In conclusion, the addition of a toe joint to a passive foot prosthesis reduced Push-Off work in all participants by approximately 2.5 J but appeared to have little effect on joint kinematics, kinetics, or rate of oxygen consumption. Participant preference for the Flexible or Locked toe joint during level walking was divided among our sample. The most intriguing, albeit preliminary, observation was the potential link between user preference and limb dominance—an area requiring further investigation.

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Acknowledgements

The authors wish to thank Dr. Eric Honert for his assistance in developing the experimental protocol, and Undergraduate Researchers Olivia Cook, Jonathan Powles, Tristan Gilbert and Jacob Rogatinsky for their help designing and fabricating the experimental prosthesis. The authors also extend their gratitude to local prosthetists Justin Darm, Chris Arnold and Paul Halkiades for their assistance in participant recruitment, prosthesis fittings/alignments and protocol refinement. The authors wish to thank two anonymous reviewers for their valuable feedback. This work was supported by funding from the National Science Foundation (CBE-1605200) and from the National Institute on Disability, Independent Living, and Rehabilitation Research (90IFRE0001).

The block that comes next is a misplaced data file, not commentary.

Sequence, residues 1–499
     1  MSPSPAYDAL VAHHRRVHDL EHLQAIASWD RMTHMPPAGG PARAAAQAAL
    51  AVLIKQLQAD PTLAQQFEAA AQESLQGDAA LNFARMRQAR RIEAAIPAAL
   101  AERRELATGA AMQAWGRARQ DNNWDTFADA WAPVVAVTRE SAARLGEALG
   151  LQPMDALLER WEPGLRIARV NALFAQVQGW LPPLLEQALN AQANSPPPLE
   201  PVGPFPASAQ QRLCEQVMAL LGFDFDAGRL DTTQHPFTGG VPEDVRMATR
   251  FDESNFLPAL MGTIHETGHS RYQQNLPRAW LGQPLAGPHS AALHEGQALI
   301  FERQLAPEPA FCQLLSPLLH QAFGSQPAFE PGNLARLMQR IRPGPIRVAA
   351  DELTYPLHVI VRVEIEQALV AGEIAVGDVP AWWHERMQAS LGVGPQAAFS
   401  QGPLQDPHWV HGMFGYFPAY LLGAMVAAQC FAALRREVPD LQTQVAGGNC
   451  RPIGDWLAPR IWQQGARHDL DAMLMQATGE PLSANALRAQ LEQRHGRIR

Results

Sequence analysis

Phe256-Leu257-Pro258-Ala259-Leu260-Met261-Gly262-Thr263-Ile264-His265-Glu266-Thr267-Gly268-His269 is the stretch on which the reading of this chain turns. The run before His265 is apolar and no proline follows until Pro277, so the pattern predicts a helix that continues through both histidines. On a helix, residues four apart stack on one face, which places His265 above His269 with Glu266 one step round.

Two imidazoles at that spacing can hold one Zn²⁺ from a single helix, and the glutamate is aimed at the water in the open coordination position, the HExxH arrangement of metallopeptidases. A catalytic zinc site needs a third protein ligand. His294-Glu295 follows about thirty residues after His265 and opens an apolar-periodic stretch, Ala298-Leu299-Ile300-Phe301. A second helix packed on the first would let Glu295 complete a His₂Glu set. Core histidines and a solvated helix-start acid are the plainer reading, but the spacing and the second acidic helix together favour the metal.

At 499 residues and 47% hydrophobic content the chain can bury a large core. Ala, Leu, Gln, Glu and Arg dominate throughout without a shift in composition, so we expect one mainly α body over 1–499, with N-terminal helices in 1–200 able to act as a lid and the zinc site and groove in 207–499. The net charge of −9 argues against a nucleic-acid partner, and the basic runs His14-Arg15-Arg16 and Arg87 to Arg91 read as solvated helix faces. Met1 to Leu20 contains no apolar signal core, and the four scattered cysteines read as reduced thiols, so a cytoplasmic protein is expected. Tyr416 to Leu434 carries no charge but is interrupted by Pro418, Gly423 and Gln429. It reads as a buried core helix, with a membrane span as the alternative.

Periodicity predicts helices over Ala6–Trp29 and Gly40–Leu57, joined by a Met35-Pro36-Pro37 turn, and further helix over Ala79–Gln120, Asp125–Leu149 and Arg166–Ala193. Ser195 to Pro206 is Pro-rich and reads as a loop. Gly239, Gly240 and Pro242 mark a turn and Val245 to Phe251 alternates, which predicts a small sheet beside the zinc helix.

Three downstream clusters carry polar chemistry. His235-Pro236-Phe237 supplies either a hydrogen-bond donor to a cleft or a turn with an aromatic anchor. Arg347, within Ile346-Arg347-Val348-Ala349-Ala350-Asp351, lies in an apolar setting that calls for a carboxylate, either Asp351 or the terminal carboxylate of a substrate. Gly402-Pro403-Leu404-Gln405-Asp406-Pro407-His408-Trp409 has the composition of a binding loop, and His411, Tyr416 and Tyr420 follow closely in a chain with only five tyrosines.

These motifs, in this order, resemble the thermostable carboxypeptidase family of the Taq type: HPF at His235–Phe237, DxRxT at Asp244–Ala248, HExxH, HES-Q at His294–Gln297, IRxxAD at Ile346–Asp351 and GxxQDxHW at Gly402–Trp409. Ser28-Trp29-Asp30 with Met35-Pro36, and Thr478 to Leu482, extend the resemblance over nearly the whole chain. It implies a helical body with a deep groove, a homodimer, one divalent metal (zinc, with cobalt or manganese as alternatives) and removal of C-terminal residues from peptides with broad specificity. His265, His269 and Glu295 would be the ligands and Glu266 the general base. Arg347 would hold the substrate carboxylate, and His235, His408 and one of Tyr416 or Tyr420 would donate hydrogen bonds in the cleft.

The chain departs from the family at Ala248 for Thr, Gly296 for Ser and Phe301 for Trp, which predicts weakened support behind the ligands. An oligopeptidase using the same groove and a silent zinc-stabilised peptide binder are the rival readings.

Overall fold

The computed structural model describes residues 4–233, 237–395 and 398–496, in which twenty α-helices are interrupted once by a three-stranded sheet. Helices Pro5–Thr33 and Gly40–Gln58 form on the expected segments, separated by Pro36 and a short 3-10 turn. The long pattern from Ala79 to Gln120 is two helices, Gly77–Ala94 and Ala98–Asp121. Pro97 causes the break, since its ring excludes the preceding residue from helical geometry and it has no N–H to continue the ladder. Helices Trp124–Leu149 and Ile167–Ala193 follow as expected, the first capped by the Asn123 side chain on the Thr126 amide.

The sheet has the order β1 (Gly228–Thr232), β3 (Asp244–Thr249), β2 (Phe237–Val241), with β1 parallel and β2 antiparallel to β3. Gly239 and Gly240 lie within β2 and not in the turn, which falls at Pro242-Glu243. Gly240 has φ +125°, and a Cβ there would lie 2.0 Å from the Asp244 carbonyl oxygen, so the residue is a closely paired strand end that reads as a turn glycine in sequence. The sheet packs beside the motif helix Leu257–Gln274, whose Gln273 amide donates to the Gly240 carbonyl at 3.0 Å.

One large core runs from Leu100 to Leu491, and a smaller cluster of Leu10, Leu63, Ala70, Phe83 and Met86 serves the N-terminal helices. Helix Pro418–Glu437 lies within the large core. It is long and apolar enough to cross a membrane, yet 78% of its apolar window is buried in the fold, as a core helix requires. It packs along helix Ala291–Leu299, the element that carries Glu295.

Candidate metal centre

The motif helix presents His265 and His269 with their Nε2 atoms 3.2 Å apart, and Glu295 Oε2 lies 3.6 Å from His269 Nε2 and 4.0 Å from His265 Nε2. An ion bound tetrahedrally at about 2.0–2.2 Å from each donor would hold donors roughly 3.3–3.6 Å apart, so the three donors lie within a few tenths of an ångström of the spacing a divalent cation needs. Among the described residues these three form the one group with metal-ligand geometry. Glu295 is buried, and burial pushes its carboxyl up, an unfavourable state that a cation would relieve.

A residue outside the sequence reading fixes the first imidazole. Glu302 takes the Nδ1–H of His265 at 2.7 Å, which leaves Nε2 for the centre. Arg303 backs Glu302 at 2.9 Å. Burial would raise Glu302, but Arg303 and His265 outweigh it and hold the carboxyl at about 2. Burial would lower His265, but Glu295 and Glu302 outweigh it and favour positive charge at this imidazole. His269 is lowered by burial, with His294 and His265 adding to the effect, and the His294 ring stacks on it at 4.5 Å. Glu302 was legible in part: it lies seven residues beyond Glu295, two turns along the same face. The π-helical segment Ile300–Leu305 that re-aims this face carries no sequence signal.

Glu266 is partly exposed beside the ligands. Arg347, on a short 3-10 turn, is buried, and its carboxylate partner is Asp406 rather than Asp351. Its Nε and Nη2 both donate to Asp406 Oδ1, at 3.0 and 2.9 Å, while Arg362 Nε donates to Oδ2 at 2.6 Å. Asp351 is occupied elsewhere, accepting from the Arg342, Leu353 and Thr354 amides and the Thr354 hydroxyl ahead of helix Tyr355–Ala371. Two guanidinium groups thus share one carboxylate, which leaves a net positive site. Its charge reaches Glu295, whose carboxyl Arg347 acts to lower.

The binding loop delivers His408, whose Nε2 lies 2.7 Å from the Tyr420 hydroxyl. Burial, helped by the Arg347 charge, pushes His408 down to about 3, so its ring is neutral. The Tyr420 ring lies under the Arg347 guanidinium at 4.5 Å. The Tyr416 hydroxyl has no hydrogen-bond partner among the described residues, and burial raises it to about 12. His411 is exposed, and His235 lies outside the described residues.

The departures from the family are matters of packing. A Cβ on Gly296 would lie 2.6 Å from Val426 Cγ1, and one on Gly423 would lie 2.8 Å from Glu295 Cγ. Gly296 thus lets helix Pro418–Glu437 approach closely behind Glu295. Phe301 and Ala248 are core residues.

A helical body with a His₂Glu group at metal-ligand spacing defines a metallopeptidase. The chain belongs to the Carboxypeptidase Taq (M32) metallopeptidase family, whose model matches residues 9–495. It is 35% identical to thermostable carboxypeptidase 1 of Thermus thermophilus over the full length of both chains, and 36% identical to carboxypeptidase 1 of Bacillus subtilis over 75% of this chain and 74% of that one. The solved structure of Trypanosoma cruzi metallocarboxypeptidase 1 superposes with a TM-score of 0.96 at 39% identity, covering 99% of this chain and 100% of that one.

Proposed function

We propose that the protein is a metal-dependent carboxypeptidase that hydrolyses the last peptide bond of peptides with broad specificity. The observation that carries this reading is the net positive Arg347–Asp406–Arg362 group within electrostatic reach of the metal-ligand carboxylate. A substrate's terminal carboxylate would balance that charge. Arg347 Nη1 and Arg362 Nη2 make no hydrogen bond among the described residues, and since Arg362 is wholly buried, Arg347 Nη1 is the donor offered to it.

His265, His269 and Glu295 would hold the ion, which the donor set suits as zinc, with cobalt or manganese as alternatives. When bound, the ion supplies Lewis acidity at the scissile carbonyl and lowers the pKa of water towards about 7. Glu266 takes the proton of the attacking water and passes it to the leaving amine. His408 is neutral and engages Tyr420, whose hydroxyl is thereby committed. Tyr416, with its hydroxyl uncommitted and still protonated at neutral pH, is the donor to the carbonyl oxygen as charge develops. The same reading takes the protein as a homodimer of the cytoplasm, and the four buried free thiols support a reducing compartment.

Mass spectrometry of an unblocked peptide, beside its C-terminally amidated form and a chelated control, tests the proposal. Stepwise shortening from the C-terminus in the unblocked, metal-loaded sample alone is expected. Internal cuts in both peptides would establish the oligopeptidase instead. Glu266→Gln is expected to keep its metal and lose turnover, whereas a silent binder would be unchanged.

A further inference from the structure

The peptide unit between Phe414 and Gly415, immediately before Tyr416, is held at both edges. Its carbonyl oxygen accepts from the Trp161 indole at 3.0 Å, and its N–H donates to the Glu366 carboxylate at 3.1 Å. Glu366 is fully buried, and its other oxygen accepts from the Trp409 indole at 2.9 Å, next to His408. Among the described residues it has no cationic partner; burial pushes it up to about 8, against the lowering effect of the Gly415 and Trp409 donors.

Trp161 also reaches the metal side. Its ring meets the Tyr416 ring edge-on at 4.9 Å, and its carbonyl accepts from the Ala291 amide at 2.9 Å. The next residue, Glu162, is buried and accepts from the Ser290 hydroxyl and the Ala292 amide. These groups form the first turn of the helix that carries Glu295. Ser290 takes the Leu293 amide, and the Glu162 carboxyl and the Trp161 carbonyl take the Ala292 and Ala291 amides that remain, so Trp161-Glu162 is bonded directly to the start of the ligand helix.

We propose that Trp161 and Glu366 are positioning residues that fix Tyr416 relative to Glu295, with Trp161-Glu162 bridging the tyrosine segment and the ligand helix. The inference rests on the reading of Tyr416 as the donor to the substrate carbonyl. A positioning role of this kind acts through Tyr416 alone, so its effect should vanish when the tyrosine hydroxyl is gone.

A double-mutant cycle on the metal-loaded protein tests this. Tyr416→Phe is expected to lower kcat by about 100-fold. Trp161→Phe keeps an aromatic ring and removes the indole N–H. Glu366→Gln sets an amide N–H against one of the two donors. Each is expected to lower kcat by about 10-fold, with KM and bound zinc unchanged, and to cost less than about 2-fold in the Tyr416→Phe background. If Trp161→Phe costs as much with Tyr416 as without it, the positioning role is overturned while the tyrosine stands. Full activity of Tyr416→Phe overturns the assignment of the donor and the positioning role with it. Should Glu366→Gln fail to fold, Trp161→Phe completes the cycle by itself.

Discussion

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K.M., R.T., G.B. and K.Z. designed the study. K.M., R.T, J.C. and J.K. collected experimental data. K.M. processed the data. K.M., R.T., and K.Z. interpreted results and wrote the first draft of the manuscript. All authors edited and reviewed the manuscript.

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Correspondence to Kirsty A. McDonald.

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McDonald, K.A., Teater, R.H., Cruz, J.P. et al. Adding a toe joint to a prosthesis: walking biomechanics, energetics, and preference of individuals with unilateral below-knee limb loss. Sci Rep 11, 1924 (2021). https://doi.org/10.1038/s41598-021-81565-1